The conference’s core focuses on discussions that build a culture of risk management, which include incident reporting and data collection, legal and liability considerations, crisis management, and staff training tips. By hosting attendees from numerous professional backgrounds, both in and outside of the outdoor industry, the WRMC creates a climate where discussions are fueled by varying perspectives, and which introduces participants to risk management expertise that they may not otherwise learn and is applicable to their fields.

With best practices in risk management evolving, there are new presentations each year. For the 2019 conference in Albuquerque, NM, on October 30-November 1, topics fall under one of six categories:

  1. Emergency Planning and Crisis Response,
  2. Field Practices
  3. Legal and Insurance
  4. Program Administration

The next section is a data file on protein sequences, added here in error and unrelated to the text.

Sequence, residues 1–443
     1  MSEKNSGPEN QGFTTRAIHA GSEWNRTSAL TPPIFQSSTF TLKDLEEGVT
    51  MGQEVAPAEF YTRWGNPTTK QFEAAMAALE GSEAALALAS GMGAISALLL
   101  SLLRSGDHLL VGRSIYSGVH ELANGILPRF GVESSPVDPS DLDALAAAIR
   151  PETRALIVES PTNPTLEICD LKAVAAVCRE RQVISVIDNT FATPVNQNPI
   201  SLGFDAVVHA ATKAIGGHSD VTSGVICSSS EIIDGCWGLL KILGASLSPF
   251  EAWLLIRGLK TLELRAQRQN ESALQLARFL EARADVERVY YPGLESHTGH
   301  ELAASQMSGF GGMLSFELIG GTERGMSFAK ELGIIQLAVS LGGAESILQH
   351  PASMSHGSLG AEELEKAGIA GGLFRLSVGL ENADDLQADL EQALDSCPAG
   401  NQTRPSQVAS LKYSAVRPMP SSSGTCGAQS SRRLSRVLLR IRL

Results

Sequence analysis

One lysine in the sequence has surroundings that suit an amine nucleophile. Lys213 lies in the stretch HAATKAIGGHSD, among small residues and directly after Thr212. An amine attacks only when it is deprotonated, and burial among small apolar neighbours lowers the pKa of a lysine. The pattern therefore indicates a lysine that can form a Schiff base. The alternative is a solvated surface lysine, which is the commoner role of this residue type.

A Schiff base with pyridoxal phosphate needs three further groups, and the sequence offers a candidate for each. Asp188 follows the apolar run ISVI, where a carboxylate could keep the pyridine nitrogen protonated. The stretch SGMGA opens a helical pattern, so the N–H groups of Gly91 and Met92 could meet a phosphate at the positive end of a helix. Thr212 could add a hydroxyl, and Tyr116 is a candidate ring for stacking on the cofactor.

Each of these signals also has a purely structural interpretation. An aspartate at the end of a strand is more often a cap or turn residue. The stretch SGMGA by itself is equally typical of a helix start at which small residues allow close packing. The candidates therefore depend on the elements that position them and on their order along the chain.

5. Mental, Social & Emotional Health
  6. Staff Training and Decision Making.

Regardless of the category, an overarching objective of each workshop is that attendees feel empowered with expert information to better engage with the complexities of managing risk and leave with tangible action steps to implement in their programs.

Wilderness Medicine and the WRMC

Small breakout group discussions during a presentation at 2017 WRMC
Small breakout group discussions during a presentation at 2017 WRMC. Photo by Brad Christensen.
 

Many of the WRMC’s sessions emphasize the importance of mitigating risk through comprehensive decision making strategies.